Looking at ability gains within individuals between the first assessment at ten months and the retest at 24 months, the high SES children made more gains than those from low SES homes. The difference was modest; however, a child in poverty is likely, simply as a function of SES, to score one standard deviation below a very well to do child on the mental ability test.
These findings suggest that for very young children, environment matters a great deal. This is particularly true for infants rich or poor; but it becomes much more important for poor toddlers. Poor kids are more vulnerable to the adversity associated with deprivation. Many factors have been examined in order to explain this discrepancy. The author of this current study wrote:
“…compared with higher-SES parents, lower-SES parents spend less time with their children (Guryan, Hurst, & Kearney, 2008), are less able to allocate time spent with children in accordance with their children’s developmental needs (Kalil, Ryan, & Corey, 2010), and are less sensitive in responding to their children’s signals (Bradley & Corwyn, 2002; De Wolff & Ijzendoorn, 1997).” (Tucker-Drob, et al., 2011).
One particularly illuminating study published by Hart and Risley in 1995 reported “that at age 3, children in professional families heard an average of 2153 words per hour, while children in working class families heard 1251 words per hour and children in welfare families heard only 616 words per hour. In professional families, parents not only talked more but also used more different words and provided a greater richness of nouns, modifiers and verbs. Parents spent a lot of time and effort asking their children questions, affirming and expanding their responses and encouraging their children to listen and notice how words relate and refer in order to prepare their children for a culture focusing on ‘‘symbols and analytic problem solving’’ (see Hart and Risley, 44 p 133). On the other hand, parents on welfare spent less time talking while they more frequently initiated topics and used more imperatives and prohibitions. These parents were more concerned with established customs such as obedience, politeness and conformity. Working-class families showed a mixture of the two cultures using imperatives and prohibitives while using rich language to label, relate and discuss objects.” (Duursma, Augustyn, & Zuckerman, 2008) The net effect is that poor children hear 30 million fewer words than do children of professionals by the time they reach their forth birthday.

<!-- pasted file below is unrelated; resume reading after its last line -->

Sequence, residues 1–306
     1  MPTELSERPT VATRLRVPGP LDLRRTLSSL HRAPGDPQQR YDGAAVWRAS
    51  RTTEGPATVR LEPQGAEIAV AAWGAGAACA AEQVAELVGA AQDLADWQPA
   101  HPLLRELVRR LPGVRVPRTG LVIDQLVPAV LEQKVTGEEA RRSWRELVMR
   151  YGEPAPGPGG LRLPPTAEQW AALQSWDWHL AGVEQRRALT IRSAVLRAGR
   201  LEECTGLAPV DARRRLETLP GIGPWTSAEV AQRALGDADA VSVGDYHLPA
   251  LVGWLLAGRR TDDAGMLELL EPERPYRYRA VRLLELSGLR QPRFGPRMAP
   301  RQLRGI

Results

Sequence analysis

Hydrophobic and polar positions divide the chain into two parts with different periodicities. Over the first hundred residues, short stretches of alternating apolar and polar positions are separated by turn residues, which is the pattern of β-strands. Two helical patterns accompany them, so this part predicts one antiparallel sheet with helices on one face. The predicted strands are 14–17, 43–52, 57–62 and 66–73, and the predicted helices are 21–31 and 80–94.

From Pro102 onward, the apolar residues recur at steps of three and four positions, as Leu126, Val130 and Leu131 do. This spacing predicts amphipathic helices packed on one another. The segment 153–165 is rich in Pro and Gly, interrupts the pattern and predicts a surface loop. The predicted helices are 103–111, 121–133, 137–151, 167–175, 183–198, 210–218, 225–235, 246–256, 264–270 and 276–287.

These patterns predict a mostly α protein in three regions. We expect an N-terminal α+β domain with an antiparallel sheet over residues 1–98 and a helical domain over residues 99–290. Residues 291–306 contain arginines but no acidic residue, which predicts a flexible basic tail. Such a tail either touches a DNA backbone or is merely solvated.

The implications of these differences are profound. Replication of this research is necessary, but we also need greater clarification of the environmental attributes that culminate in the mental ability discrepancies. Should these SES differences stand up to the rigors of scientific scrutiny through replication it will be absolutely essential to invest further in early childhood programs. Jonah Lehrer (2011) likewise noted that: “Such statistics have led many researchers to highlight the importance of improving the early-childhood environments of poor children. Economists such as James Heckman, a Nobel laureate at the University of Chicago, have long advocated for increased investments in preschool education, but this latest study suggests that interventions need to begin even earlier. One possible model is the “Baby College” administered by the Harlem Children’s Zone, which seeks to equip brand-new parents with better parenting skills.”
These findings also reinforce the importance of programs such as Head Start and particularly Early Head Start. It is concerning that these very programs are often the most vulnerable to budget cuts in difficult times. I can’t help but wonder if we would prioritize early childhood development differently if the masses and our politicians were truly aware of these issues. Perhaps we should learn more about this and help spread the word to friends, family, and our representatives. Are we as a society really willing to passively submit to this self perpetuating cycle of poverty?
Duursma, E., Augusta, M., & Zuckerman, B. (2008). Reading Aloud to Children: The Evidence. Archives of Disease in Childhood. Vol 93 No 7.
Epstein, R. (2010). What Makes a Good Parent? Scientific American MIND. November/December 2010. (pgs 46-51).
Hart, B. & Risley, T. (1995). Meaningful differences in the everyday experience of young American children. Baltimore: Paul H. Brookes Publishing.
Lehrer, J. (2011). Why Rich Parents Don’t Matter. Wall Street Journal.com. 1/22/11
Pinker, S. (2002). The Blank Slate: The Modern Denial of Human Nature. New York: Penguin Books.
Tucker-Drob, E. M., Rhemtulla, M., Harden, K. P., Turkheimer, E., & Fask, D. (2011). Emergence of a Gene × Socioeconomic Status Interaction on Infant Mental Ability Between 10 Months and 2 Years. Psychological Science. 22(1) 125–133.